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Shrimping Season Closed in Maine: Collapse of Stock Reveals Need for Better Regulations in Boom-and-Bust Industry

If you are a shrimp fanatic, you may find yourself deprived in 2014. Just a couple of weeks ago, regulators voted to close the Gulf of Maine shrimp fishing season for 2014 and possibly longer. This year yielded the smallest catch ever recorded, and regulators want to give the shrimp population a chance to recover. The fishery historically holds a boom-and-bust cycle, where landings increase steadily until reaching a peak and crash, collapsing the entire fishery. This avoidable closure reveals the strong need for better fishery management in order to ensure a sustainable future for the species, the fishermen, and ultimately the consumer.

A hard blow for fishermen

On December 3rd, 2013 the Atlantic States Marine Fisheries Commission voted to close shrimping in the  Gulf of Maine for 2014.  The last shutdown of the fishery was in 1978, when the landings crashed from 25 million pounds a year to less than 1 million pounds a year.

Even though it’s a small fishery only running about half the year, many New England fishermen rely on shrimping as their livelihood. The fisheries closure is a huge economic blow to these fishermen and to shrimp processors. Processors in Maine ship the catch all across the nation and to many markets in Europe, so the repercussions of this decision will be felt worldwide.

 A report on the population status was released on November 21st, announcing that the stock has collapsed, the reasons for which I believe are largely avoidable.  The main issue was cited as overfishing, predation, and a lack of recruitment of juveniles for the past three years. The report also attributed the collapse in part to climate change.  Shrimp are extremely sensitive to climate change, as a warming ocean temperature has been shown to dramatically reduce their number one food supply, plankton.

Boom and Bust

Looking at this graph, we can clearly see the populations of shrimp (biomass in orange) rising and falling every few years. This is not a natural process. As fishermen land more shrimp, more people enter the fishery to get in on the profits, putting more pressure on the population. At a certain point the pressure becomes too high and fishermen are catching shrimp faster than they can reproduce. At this point the stock collapses, dropping the shrimp biomass way below sustainable levels. It’s a chain reaction from that point: once there are fewer shrimp, market prices start going down, and fewer and fewer people attempt to catch them. Processing facilities don’t want to deal with changing equipment for the small amounts of shrimp coming in, which means demand goes even lower. This gives the population a reprieve, and numbers go back up. When the entire cycle repeats itself every few years, we term it a boom-and-bust cycle.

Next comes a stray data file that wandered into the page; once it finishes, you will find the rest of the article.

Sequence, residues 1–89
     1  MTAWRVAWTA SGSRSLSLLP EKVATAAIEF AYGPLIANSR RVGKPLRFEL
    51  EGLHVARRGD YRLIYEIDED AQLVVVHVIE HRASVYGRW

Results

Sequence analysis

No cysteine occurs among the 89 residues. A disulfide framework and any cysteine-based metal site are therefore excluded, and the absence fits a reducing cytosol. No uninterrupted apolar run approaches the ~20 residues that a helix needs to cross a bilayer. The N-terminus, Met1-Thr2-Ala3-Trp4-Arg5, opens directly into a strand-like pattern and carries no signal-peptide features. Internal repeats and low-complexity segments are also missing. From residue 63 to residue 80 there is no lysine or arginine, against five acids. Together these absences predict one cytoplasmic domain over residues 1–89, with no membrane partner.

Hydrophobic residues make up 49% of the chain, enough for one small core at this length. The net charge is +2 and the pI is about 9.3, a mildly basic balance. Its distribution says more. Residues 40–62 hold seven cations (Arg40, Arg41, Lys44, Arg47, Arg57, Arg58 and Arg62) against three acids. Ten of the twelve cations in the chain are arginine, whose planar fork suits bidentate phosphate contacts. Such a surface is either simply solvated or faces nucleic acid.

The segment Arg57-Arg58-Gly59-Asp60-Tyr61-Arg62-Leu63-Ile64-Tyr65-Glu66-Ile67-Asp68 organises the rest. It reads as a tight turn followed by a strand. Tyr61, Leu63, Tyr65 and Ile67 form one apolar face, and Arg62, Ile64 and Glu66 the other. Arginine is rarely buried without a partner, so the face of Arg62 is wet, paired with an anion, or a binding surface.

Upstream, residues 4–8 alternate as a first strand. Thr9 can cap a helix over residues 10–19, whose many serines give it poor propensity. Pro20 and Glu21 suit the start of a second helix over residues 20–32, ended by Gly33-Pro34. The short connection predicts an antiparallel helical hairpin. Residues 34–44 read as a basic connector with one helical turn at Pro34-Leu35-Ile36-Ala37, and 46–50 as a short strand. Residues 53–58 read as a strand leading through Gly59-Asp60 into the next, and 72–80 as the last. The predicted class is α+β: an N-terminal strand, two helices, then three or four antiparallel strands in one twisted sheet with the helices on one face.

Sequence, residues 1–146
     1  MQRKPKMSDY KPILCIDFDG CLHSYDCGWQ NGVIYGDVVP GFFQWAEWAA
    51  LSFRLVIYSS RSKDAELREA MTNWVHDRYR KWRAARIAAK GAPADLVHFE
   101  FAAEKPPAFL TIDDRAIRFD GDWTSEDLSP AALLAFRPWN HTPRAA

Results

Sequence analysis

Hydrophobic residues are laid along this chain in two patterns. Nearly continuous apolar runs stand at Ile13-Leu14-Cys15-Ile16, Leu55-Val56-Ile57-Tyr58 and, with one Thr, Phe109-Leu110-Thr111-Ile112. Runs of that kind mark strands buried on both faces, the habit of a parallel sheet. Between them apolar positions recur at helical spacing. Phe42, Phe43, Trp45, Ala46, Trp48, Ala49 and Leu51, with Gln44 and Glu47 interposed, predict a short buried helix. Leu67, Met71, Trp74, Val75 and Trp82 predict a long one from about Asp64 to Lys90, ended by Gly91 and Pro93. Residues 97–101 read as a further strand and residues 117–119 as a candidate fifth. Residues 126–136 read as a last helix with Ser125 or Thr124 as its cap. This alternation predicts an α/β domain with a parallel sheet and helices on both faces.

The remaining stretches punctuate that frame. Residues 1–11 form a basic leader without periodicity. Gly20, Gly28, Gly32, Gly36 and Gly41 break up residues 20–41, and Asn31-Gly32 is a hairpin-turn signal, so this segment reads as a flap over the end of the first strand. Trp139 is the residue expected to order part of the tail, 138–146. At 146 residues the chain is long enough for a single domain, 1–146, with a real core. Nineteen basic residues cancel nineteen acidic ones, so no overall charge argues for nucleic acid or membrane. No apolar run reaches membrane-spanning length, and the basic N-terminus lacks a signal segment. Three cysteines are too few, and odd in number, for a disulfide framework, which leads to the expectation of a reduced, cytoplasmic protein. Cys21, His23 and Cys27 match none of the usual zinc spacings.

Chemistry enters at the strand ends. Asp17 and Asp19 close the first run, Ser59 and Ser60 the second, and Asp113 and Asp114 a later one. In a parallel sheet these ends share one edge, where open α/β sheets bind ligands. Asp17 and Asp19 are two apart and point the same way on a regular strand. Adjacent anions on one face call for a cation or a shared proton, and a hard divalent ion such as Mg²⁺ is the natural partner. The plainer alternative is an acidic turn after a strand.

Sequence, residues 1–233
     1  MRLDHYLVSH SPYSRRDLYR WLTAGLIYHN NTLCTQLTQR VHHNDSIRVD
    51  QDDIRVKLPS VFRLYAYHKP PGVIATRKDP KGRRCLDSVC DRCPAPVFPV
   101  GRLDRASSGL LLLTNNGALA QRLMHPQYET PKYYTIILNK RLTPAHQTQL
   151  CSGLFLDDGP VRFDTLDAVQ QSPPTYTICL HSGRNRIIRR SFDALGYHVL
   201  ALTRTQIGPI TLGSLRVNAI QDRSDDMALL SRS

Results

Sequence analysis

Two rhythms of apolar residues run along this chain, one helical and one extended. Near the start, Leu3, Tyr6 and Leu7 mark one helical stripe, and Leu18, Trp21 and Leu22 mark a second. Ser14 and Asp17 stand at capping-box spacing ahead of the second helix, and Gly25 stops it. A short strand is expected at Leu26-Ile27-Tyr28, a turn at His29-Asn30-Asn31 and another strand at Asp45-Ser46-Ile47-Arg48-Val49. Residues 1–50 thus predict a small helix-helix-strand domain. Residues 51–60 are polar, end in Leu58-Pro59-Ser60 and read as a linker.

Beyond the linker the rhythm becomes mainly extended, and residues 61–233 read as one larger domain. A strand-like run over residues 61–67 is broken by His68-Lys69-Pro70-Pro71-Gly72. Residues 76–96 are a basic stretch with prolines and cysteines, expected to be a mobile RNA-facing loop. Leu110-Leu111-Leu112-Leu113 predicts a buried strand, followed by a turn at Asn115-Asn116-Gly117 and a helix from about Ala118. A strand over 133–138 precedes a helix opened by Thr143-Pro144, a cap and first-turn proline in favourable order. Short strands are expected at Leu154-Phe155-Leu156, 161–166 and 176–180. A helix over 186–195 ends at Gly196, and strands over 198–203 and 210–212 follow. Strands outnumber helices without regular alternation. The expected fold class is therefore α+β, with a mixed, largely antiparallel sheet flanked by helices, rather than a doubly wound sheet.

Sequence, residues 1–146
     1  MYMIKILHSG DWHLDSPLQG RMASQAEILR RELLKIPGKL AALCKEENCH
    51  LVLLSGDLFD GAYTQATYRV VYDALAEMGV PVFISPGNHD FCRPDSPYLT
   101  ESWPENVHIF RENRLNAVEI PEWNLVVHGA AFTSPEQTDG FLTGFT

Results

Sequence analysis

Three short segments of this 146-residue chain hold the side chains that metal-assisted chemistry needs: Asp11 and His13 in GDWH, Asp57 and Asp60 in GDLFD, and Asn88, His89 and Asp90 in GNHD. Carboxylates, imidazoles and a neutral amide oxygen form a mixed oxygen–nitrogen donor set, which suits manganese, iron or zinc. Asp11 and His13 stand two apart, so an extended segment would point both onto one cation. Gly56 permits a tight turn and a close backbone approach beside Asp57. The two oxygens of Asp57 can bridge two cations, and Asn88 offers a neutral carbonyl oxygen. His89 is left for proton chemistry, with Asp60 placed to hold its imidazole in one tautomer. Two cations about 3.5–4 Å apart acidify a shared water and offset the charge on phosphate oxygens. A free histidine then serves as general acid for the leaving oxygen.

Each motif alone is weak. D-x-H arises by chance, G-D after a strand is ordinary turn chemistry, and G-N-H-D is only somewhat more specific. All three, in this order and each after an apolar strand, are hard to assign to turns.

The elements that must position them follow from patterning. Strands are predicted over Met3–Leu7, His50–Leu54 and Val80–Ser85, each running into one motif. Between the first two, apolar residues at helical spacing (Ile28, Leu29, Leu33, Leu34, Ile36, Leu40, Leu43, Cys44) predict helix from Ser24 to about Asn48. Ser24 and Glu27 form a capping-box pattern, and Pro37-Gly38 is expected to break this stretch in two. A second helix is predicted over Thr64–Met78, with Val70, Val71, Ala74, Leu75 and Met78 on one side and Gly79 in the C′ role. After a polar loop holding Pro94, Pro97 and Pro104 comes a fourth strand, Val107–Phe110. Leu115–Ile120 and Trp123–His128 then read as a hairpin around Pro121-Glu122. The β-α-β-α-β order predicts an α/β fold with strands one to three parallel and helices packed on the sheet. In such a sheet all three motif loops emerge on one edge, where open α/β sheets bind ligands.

This is not a sustainable system. Although we see the numbers rising once the fishing pressure lessens, the goal of a sustainable fishery is to maintain a healthy population – not collapse it with no plan or data as to when it might recover. We saw a bust in the shrimping season in the late 1997-98 and the population numbers did not start to go back up until 2004.

 Sustainability in any fishery is achieved by regulation – including placing a cap on how many pounds can be landed in a season, defining a season or duration of the fishing period, and restricting how many fishermen there are fishing for the same species. There is a serious problem with the fishery though: there are simply too many vessels trying to catch too few shrimp.

 Shrimping has been an open access fishery, meaning anyone can buy a permit and participate. This type of open access consistently leads to overfishing. It also creates an “arms race” amongst fishermen to be the ones pulling in the most catch.  We’ve seen this happen with California’s Dungeness crab commercial fishery, which recently adopted limits on permits and traps.

If the shrimp fishery is to become sustainable for commercial uses, there must be a better, more comprehensive policy combined with stronger regulations and a better enforcement mechanism.

Recommendations For Better Management

  • Implementing restrictions on how many pounds of shrimp can be landed each year
  • Limit the number of permits that are issued for fishermen to catch shrimp
  • Place parameters on the fishing season – such as restricting the months, days, even hours of the day that fishing can occur
  • Define and enforce penalties for not following the regulations

When the shrimping season reopens, these recommendations would go a tremendous distance in insuring that the fishery remains open for many years to come.

 Sustaining our fisheries

We’ve seen the consequences of unsustainable fishing.  These include the loss of revenue and ultimately jobs, detrimental ecological impacts, and the disappearance of delicious seafood from the dinner table. Join us in supporting environmentally-friendly fishing practices, and choose Pucci Foods as your dependable seafood distributor.

 

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